What Kind of Impact Did Fighter Pilots Have During WWI?
World War I was the first major war of the twentieth century. All nations involved in the war had ground troops, naval vessels, and the newest kind of defense through the air. Thanks to the Wright Brothers, who invented the first US airplane in December 1903.
Gustave Whitehead, a German Immigrant, is said to be the first person to invent and fly the motorized airplane in 1901. He designed a glider in 1897, which relied on a man below to steer the glider. The man beneath the glider held tethers allowing him to steer the glider. Whitehead proceeded to construct an airplane with wheels, an enclosed fuel tank, and an aluminum body. The Wright Brothers were also an ingenious pair of inventors. After observing birds, they established the notion of “wing warping” which used a moveable rudder to steer the plane. The body of their first plane, the Wright Brothers Flyer, was a combination of metal and wooden parts with muslin fabric covering the entire wingspan. However, depending on who you talk to, the first person who invented the airplane in America is up for debate. In any case, the invention of the airplane at the turn of the century changed the world, and warfare forever.
The lifespan of a fighter pilot was only a few weeks. The planes they flew did not have an enclosed cockpit which meant they were exposed to the harsh elements. Planes were not equipped with parachutes either because they were too bulky, and the parachute bag would not fit in the cockpit with the pilot. USAWW1.com (https://www.usaww1.com/World_War_1_Fighter_Pilots.php4) says that back then, it was also believed that parachutes showed a sign of weakness and encouraged the pilot to jump, instead of trying to land the plane safely. However, that perspective changed once the commanders realized that competent and experienced pilots were hard to come by.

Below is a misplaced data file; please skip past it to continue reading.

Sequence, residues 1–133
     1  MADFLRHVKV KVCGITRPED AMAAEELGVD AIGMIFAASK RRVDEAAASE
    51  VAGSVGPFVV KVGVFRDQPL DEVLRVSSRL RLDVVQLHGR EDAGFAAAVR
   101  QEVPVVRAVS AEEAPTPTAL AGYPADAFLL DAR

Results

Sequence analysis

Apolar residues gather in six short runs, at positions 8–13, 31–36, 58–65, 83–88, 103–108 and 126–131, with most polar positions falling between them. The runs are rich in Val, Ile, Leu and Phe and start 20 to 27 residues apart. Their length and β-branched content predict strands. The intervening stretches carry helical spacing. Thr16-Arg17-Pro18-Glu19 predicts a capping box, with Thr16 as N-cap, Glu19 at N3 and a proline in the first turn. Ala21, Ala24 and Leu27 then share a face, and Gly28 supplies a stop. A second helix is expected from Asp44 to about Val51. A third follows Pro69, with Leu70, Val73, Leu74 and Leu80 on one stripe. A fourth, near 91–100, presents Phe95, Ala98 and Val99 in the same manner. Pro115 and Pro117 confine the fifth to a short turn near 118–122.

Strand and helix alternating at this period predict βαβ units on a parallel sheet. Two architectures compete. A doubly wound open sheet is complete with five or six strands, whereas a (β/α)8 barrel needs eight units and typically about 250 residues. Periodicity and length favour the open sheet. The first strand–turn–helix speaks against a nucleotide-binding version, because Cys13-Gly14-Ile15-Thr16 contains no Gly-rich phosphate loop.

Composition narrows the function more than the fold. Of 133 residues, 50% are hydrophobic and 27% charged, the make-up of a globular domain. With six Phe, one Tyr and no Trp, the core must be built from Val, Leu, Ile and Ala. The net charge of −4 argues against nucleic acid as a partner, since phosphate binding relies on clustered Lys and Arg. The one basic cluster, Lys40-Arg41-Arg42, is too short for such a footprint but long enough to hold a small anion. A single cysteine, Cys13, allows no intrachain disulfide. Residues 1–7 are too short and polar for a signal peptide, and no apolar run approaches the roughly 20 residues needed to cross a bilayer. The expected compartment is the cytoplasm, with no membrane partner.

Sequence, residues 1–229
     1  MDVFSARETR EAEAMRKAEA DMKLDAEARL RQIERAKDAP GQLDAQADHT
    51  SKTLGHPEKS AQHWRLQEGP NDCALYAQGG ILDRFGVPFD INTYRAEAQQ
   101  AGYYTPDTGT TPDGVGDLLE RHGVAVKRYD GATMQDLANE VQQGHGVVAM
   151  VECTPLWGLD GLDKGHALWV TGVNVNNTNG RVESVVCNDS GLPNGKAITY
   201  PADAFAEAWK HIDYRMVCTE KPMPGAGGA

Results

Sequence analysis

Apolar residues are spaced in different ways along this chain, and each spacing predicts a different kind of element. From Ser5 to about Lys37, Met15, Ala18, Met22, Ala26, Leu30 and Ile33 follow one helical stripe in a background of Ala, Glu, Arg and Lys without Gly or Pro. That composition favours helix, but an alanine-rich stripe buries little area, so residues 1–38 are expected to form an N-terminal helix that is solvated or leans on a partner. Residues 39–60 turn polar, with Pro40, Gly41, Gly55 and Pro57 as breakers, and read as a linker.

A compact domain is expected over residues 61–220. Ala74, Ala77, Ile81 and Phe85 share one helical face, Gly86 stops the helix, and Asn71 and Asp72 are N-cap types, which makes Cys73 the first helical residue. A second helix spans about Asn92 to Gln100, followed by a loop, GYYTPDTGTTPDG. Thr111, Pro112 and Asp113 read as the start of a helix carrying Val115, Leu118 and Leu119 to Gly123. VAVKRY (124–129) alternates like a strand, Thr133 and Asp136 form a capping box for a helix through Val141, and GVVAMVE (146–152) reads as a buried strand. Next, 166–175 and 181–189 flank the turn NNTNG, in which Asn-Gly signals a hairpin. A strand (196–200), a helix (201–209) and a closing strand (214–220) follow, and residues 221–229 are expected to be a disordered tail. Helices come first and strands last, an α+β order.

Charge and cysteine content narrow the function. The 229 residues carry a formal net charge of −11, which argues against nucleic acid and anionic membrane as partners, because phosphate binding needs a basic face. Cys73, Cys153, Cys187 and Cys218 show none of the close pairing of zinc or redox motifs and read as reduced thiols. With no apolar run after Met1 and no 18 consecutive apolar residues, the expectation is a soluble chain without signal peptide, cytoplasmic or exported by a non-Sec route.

One of the strategies used by all nations involved in the war were reconnaissance missions. These missions highly favored because the aerial photos that were taken helped pilots track and follow enemy trenches. Performing this kind of task was not easy. The pilot had to have a steady hand on the controls and fly in an even, straight line while the photographer took the pictures. Unfortunately, reconnaissance missions were especially dangerous because the fighter was an easy target for the enemy. However, these photos provided the pilots with invaluable information so that they could accurately identify their targets. Reconnaissance photography was especially useful during bombing raids.
As WWI progressed, so did the development of the fighter plane. At the beginning of the war, the planes did not have weapons, but many pilots had a few grenades with them on board. But this was not profitable because it was challenging to fly a plane and defend it. Within a year of the beginning of the war, fighter planes were equipped with machine guns to fight off opposing forces. The guns were in the front of the plane and required an extra pair of hands and eyes. Another machine gun was introduced, one that hesitated. Why was this significant? This was an ingenious invention because the hesitation allowed the weapon to fire through the propellers of the airplanes and cause more damage to the enemy.
Some of the best pilots of the day used their wit and flying skills to defeat the enemy they encountered. The pilots who fought during WWI were brave, cunning, intelligent, fearless, and many fighter pilots defied death multiple times. These soldiers were the bravest of the brave and fought to defend their country.